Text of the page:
Belfast Telegraph

£75,000 of deadly drug seized in police swoop

By Victoria O'Hara

Potentially deadly prescription drugs with an estimated value of £75,000 have been seized during a police operation in south Belfast and Comber.

A quantity of oxycodone -nicknamed 'Hillbilly heroin' -was recovered during a joint operation involving the Department of Health, Medicines Regulatory Group officials, the PSNI and the United Kingdom Border Agency.

The opiate painkiller was recovered on August 19 during searches of two houses in south Belfast and Comber.

A 31-year-old Belfast man was arrested in connection with and questioned about illegal importing activity. A report has been sent to the Public Prosecution Service.

The drug has become known in the US as 'Hillbilly heroin' because of its abuse in rural areas.

Under prescription oxycodone, a synthetic form of morphine, can be safe, but its misuse has been linked to deaths in America.

Peter Moore, medicines regulatory group senior enforcement officer with of the Department of Health, said the operation "clearly demonstrates" the determination to stop the importing of the illegal prescription drugs.

"As a result of this investigation, we have prevented illegal and dangerous prescription-only medicines reaching the streets here, where they would undoubtedly have had a real potential to cause serious harm," he said.

Mr Moore said it was "vital" the message is spread that taking unlicensed medicines from an unknown source can be dangerous.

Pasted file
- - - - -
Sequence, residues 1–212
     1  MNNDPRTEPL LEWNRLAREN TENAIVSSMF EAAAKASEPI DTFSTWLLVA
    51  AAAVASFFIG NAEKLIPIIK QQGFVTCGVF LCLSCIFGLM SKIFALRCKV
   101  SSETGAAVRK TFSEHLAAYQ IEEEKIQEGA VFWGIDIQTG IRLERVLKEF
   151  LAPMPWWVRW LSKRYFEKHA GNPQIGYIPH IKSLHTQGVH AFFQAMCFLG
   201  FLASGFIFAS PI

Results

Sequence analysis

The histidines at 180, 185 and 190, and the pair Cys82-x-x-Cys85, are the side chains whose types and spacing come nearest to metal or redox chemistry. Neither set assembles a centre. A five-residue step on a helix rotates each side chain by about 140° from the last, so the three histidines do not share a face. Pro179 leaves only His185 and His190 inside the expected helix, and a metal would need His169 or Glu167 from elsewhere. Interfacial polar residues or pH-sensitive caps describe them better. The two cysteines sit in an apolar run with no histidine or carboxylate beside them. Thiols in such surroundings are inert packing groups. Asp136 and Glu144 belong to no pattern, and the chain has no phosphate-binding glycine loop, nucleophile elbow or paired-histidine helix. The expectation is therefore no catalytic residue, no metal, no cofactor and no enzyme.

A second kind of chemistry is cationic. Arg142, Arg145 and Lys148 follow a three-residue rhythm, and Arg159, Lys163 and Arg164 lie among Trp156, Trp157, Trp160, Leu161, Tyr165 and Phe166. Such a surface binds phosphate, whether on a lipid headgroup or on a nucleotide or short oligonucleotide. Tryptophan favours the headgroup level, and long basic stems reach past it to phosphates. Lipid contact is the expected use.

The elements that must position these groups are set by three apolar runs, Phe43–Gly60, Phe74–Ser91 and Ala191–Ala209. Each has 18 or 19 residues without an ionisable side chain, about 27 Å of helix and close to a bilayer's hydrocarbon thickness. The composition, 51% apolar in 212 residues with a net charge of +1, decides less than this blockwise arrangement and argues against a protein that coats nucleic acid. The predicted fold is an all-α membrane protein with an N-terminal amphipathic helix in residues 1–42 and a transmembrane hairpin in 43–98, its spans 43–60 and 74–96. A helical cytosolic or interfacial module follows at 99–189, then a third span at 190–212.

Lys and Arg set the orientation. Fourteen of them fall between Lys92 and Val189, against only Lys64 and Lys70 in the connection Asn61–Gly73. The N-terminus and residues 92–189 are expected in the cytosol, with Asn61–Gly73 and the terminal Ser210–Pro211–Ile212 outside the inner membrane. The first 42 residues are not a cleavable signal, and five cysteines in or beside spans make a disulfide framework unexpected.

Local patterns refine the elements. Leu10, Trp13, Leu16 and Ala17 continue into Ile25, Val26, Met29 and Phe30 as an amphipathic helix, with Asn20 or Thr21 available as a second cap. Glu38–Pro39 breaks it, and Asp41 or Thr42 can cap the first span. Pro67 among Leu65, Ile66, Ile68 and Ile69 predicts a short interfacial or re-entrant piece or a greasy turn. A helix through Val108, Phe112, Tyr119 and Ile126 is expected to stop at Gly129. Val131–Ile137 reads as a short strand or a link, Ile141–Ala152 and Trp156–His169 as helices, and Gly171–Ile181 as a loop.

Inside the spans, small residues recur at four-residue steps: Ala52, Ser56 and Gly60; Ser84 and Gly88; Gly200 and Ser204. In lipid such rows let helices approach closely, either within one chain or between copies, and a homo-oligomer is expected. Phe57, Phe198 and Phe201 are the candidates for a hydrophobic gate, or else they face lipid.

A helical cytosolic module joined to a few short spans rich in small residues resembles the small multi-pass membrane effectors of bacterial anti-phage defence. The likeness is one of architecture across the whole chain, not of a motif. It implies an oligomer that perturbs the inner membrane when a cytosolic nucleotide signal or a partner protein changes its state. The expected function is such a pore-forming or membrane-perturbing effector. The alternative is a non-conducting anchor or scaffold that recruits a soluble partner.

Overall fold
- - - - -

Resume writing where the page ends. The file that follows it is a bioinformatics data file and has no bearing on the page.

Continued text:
"These types of drugs being sold, usually online, have undergone no quality control and there can be no guarantee about their safety.

"Misuse of prescription drugs can lead to abuse, addiction and other serious problems."

Mr Moore said: "The public is advised that they should steer clear of unregistered websites of unlicensed internet sellers of these types of medicines and should always seek the guidance of a doctor or healthcare professional."

Health Minister Edwin Poots said his department was committed to protecting the public from the risks associated with unlicensed, illegal and counterfeit medicines.

"These medicines, if they had managed to reach the street could have led to serious harm and it is excellent news that we have been able to successfully intervene on this occasion," he said.

"Anyone illegally importing and supplying unlicensed medicinal products such as these has no regard for the potential harm they could pose.

"I would urge the public to be vigilant and ensure that they do not put their health at risk or fund this crime by purchasing medication from an illicit source."


Oxycodone is a synthetic form of morphine, but is twice as strong, and often prescribed to cancer sufferers. The effects, addiction and chemical composition are similar to heroin. The drugs being sold, usually online, have undergone no quality control and there can be no guarantee about safety. Dealing the drug illegally is punishable by up to life imprisonment, an unlimited fine, or both.

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